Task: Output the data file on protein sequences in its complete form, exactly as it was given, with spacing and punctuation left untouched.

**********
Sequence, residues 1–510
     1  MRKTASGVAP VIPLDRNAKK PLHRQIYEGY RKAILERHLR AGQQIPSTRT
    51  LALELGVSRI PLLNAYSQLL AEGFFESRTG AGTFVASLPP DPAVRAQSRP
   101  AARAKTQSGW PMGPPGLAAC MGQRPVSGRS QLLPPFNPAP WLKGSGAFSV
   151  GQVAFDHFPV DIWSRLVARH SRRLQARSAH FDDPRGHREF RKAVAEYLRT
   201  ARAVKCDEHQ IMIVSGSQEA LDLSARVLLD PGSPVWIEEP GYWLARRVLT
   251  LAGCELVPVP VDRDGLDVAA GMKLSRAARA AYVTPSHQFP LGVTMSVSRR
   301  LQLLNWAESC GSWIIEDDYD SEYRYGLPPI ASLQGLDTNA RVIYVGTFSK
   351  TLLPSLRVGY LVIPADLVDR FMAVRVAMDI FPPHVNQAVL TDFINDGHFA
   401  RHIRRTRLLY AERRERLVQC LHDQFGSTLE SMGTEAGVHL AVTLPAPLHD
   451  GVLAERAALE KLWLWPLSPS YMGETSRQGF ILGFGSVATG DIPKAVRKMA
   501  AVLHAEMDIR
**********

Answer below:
Sequence, residues 1–510
     1  MRKTASGVAP VIPLDRNAKK PLHRQIYEGY RKAILERHLR AGQQIPSTRT
    51  LALELGVSRI PLLNAYSQLL AEGFFESRTG AGTFVASLPP DPAVRAQSRP
   101  AARAKTQSGW PMGPPGLAAC MGQRPVSGRS QLLPPFNPAP WLKGSGAFSV
   151  GQVAFDHFPV DIWSRLVARH SRRLQARSAH FDDPRGHREF RKAVAEYLRT
   201  ARAVKCDEHQ IMIVSGSQEA LDLSARVLLD PGSPVWIEEP GYWLARRVLT
   251  LAGCELVPVP VDRDGLDVAA GMKLSRAARA AYVTPSHQFP LGVTMSVSRR
   301  LQLLNWAESC GSWIIEDDYD SEYRYGLPPI ASLQGLDTNA RVIYVGTFSK
   351  TLLPSLRVGY LVIPADLVDR FMAVRVAMDI FPPHVNQAVL TDFINDGHFA
   401  RHIRRTRLLY AERRERLVQC LHDQFGSTLE SMGTEAGVHL AVTLPAPLHD
   451  GVLAERAALE KLWLWPLSPS YMGETSRQGF ILGFGSVATG DIPKAVRKMA
   501  AVLHAEMDIR